When Byrd and Izzo are the top pass-catching “weapons,” then an offense intrinsically is going to have issues moving the ball. Byrd has plenty of speed, but he’s 5-foot-9, 180 pounds. Newton isn’t going to throw him a jump ball down the sideline and hope he can come up with it. Edelman is only receiving No. 3 snaps as he continues to mend an injured knee. Harry has all the size in the world but seems to be having trouble getting on the same page as Newton.
Harry also is not always using that size to his advantage and wound up on the turf on both of his two (!) targets Sunday.
This ball was tipped, so Broncos cornerback Bryce Callahan was able to get physical with Harry, whose feet got tangled. But Harry also could have been more physical with Callahan after that ball was tipped. At that point, contact is allowed from both sides.
If Newton had better receivers — ones that he could trust to get open quicker or come down with a contested catch — then maybe some of those other issues become less glaring. Newton had Harry and Byrd streaking down the field each facing 1-on-1 coverage late in the first quarter. If he had anticipated either receiver breaking in, then he could have completed a chunk play down the field. Both receivers eventually got open. Instead, Newton sat in the pocket and got sacked. It’s unclear what the goal of that play was if Newton wasn’t going to give one of his receivers a shot to come down with the ball in 1-on-1 coverage.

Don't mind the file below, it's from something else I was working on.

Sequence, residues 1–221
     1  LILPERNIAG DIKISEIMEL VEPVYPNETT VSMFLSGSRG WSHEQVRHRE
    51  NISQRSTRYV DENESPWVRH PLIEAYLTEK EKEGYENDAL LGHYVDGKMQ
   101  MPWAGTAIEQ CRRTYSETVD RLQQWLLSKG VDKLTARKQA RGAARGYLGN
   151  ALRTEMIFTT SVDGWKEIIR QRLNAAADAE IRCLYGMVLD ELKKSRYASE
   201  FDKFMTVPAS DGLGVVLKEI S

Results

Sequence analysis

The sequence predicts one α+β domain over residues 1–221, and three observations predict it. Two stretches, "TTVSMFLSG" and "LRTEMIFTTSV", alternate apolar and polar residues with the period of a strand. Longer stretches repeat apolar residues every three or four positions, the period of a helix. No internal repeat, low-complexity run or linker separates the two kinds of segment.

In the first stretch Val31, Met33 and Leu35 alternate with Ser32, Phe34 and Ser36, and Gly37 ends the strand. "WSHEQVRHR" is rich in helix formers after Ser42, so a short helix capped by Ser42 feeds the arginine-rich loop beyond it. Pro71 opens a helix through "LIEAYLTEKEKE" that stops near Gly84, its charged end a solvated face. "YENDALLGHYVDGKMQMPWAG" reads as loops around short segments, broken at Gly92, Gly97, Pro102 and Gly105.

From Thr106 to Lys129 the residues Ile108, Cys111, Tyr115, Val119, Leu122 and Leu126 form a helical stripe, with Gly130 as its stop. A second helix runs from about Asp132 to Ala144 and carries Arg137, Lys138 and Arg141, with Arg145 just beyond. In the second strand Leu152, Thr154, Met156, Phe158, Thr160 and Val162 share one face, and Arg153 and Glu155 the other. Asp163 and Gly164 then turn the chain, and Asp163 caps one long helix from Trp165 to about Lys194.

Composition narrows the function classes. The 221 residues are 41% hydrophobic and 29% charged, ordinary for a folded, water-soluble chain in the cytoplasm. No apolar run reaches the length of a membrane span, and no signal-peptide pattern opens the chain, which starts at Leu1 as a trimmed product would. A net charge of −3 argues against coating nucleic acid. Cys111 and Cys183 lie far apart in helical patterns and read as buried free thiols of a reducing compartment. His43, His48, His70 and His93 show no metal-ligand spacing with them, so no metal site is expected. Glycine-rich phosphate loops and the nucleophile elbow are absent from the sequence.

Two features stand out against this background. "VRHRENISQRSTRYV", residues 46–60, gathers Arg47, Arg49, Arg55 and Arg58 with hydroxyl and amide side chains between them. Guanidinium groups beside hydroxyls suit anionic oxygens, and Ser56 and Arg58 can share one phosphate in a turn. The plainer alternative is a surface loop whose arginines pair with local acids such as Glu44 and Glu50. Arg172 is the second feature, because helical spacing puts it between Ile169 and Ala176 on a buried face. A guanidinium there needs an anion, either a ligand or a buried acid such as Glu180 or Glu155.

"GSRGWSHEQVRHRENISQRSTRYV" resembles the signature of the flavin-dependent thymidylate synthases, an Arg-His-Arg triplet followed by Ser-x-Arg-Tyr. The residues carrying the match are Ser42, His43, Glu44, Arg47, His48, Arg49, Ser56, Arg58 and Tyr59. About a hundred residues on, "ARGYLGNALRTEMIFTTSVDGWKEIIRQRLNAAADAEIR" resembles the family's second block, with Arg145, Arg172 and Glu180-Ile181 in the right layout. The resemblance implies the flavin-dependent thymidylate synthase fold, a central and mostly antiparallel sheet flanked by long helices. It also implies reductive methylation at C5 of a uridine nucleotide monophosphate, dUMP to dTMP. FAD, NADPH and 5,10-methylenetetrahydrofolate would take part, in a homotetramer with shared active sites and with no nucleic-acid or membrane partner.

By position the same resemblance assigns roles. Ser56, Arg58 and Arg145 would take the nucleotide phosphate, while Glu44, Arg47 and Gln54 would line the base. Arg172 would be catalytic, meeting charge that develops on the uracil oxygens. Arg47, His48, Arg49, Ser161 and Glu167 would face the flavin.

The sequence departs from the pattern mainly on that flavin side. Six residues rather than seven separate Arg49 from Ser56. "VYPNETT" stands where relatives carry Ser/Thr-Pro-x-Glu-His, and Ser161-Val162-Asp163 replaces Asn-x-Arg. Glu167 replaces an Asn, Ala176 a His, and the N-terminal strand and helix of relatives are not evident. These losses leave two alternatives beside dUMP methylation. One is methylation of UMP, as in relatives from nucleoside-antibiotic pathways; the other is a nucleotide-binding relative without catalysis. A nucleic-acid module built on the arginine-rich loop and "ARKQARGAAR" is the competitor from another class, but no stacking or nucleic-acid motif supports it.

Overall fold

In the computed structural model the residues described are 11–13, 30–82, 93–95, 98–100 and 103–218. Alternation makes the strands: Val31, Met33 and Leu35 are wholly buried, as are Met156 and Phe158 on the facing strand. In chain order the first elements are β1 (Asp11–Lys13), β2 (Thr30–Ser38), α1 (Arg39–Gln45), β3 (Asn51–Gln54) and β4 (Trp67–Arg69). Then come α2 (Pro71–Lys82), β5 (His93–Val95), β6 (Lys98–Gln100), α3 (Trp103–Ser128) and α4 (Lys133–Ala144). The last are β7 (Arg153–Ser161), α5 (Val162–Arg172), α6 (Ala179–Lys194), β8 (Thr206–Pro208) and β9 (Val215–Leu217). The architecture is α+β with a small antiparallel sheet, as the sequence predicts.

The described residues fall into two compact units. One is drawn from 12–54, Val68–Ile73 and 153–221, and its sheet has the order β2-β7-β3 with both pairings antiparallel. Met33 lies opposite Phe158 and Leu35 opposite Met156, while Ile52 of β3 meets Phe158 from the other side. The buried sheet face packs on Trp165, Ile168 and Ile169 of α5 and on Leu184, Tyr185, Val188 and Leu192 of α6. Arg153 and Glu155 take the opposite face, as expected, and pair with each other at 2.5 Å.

Adding a legitimate No. 1 threat into the passing game also could open up the field for other receivers.
Running back James White is a tremendous third-down back. But an offense can only get so far off of screens, checkdowns and dumpoffs to a running back.
The Patriots’ defense was far from perfect Sunday, but they only let up 18 points, holding the Broncos to field goals throughout the game. The Patriots’ offense, regardless of lack of practice time or injuries to the offensive line, should be able to keep up with six field goals.
They couldn’t Sunday. And while it’s rather simplistic to blame the Patriots’ loss on a lack of talent at the skill positions, it’s also not wrong. Things can be multi-faceted. The Patriots were dealing with injuries and a lack of practice time. Newton wasn’t on his A-game. But the Tennessee Titans also had a lack of practice time and managed to beat the Buffalo Bills and Houston Texans in consecutive weeks.
Newton has now completed 68 percent of his passes for 871 yards with two touchdowns and four interceptions for a 81.5 passer rating in four games. His most productive performance came in Week 2 while trailing against a porous Seattle Seahawks pass defense. Perhaps too much stock was put in that game while assessing the Patriots’ passing game. Newton played it safe with short passes in Week 1 but has struggled in Week 3 and 6. He was out with COVID-19 in Week 4 before the Patriots’ Week 5 bye.
The 2020 Patriots certainly have potential. But they also have plenty of questions to answer with a sub-.500 record through six weeks. The trade deadline is looming, and the Patriots could use more talent.